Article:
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Transcript of Europe 1000CE-1450CE
Trouble was brewing, though as two religious leaders fought for ultimate control
Arguments occured over changes to the church's creeds, which type of bread to use for communinion (leavened or unleavened), and over the supremacy of Rome over Constantinople
Another major issue was cultural difference: Latin vs. Greek. Ritual vs. Conformity. Holy Wars Beginning in 1095, Christians from Europe embarked on a series of wars with the Levant (part of the Middle East- Eastern Mediterranean between Egypt and Turkey) to reclaim Jerusalem from the Seljuk Turkish Muslims who had taken it from the Byzantine Empires. Why did the Crusades REALLY happen? The Emperor of the Byzantine Empire, Alexius, asked for help from the papacy (pope) to end the invasions of the Seljuk Turk Muslims
The Pope saw this as an opportunity to regain control of the Eastern church, the Orthodox Church
Nobles in Europe saw this as an opportunity to gain power and wealth
The Italian city-states saw this as an opportunity to control Constantinople...and its wealthy trade Venice: A Powerful City-State Venice was founded by refugees fleeing the nomadic invasions of the Dark Ages
Its location on the Adriatic sea and its strong navy soon meant a nearly-invulnerable wealth-based "empire" and they began to expand to surrounding regions Center for Trade Venice soon became a center for trade between Western Europe (as they slowly revived trade) and the Byzantine and Islamic Empires Venice captures Constantinople In 1204, after the 4th Crusade, Venice captured and was able to hold and control Constantinople for 50 years.
Venice became incredibly wealthy thanks to the plundered goods that were brought from Constantinople
This period for Venice was known as the Latin Empire Effects of the Crusades Islamic learning and technology were spread from the Levant back to Western Europe
This learning included not only Muslim ideas, but also Indian (think Southernization) and Classic Greek Learning.
These ideas and technologies helped spur a rebirth of Western Europe
Weakening of the Byzantine Empire
Strengthening of Venice
Perhaps one of the most long-lasting results, though, was the distrust and dislike that grew between the Christian and Muslim Worlds Revival of Europe Beginning in the 800s, the climate of Europe had become warmer gradually
Major plagues that had continually broken out in Europe since the fall of Rome mostly disappeared by the 740s
Invasions of Vikings, Muslims, and Turks had slowed significantly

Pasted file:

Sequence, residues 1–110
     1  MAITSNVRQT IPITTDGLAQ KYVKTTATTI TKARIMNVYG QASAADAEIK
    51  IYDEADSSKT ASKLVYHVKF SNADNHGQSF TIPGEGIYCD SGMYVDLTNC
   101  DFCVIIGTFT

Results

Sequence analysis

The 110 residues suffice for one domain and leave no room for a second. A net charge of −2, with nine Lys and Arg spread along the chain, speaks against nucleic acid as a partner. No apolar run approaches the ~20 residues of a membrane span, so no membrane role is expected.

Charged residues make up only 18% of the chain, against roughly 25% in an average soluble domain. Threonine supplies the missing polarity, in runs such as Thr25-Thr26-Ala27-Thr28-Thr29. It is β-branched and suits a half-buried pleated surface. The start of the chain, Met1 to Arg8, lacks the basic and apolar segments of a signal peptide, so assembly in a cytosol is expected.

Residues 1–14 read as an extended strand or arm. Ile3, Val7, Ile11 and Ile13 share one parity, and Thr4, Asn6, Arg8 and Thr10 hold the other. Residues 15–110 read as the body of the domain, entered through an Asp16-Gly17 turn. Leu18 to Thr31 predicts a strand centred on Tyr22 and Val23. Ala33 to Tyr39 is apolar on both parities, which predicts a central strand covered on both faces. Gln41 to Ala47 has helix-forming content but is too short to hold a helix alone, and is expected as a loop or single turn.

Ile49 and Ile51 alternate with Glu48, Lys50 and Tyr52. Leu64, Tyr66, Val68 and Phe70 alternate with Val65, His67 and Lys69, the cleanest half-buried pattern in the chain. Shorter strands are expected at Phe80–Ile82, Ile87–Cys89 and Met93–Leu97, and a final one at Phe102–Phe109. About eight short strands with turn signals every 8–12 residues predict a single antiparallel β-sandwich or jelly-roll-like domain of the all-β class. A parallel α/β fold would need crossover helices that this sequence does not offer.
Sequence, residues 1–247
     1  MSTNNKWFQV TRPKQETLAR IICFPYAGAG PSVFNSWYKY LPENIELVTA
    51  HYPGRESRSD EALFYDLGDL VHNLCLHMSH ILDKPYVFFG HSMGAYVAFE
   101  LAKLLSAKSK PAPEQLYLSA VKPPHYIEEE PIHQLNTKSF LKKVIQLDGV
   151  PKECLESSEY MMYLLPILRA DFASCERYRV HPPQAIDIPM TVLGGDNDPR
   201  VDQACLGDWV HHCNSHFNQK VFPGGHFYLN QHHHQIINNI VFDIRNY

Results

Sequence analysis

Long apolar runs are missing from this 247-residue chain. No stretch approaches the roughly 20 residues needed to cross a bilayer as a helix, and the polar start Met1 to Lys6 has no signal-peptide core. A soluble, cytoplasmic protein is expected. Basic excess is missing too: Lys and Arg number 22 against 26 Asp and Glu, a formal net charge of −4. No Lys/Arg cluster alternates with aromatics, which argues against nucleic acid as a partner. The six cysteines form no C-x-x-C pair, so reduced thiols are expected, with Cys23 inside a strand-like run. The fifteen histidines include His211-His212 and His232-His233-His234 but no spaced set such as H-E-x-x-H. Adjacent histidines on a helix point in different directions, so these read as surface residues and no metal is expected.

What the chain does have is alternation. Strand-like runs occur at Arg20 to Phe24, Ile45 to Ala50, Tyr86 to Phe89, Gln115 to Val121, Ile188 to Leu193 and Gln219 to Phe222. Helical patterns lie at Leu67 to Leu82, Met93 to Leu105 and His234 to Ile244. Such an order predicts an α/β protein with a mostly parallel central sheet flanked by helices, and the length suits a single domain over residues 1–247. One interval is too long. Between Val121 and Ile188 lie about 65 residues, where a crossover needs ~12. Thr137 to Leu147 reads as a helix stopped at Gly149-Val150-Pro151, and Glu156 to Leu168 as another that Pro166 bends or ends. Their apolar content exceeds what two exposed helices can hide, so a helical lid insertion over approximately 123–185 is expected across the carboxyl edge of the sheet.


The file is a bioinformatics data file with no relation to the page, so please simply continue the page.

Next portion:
After so many centuries of trouble, things seemed to finally be looking up New Agricultural Revolution New methods of farming led to increased crop productions
3 Field System increased crop output
Crop rotation improved soil fertility
Like the Neolithic Revolution, Europe was able to reestablish a surplus of food
Surplus--> Specialization--> Trade--> Urbanization-->Guild Organization-->Hanseatic League What was the Hanseatic League? Hansa means guild in German
As trade began to revive in Europe, guilds of craftsmen and artisans formed to protect their own interests
Guilds controlled how many people could train for a specific job, i.e. blacksmithing, how much would be charged for services, and what type of work guild members would provide
The Hanseatic League was a commercial and defensive confederations of merchants in Northern Europe created in 1358
The Hanseatic League was created to protect the rights and priveleges of merchants as they visited different cities along the Northern trade route
The cities within the league had their own legal system and own armies for mutual protection and aid to the members All Good Things Must End... With increased agricultural output came increased population of Europe.
In the mid-1300s, the centuries-long warm spell began to end in Europe with an event known as the Little Ice Age (which would last until the mid-1800s)
Agricultural productivity declined and led to a Great Famine, which weakened the population of Europe Death Soon, a new horror would arrive; plague.
Arriving from somewhere is Southern China, plague traveled alongside the Mongols
It made its way to Constantinople by 1347, and eventually overtook much of Europe and its already weakened population.
Estimates of population loss vary from 30-60% of Europe's population Effects of the Plague Huge loss of life
Religious upsurge for many
War over new lands available after so many died (Hundred Years War)
Peasant revolts led to the weakening of feudalism
Cultural influence on art and literature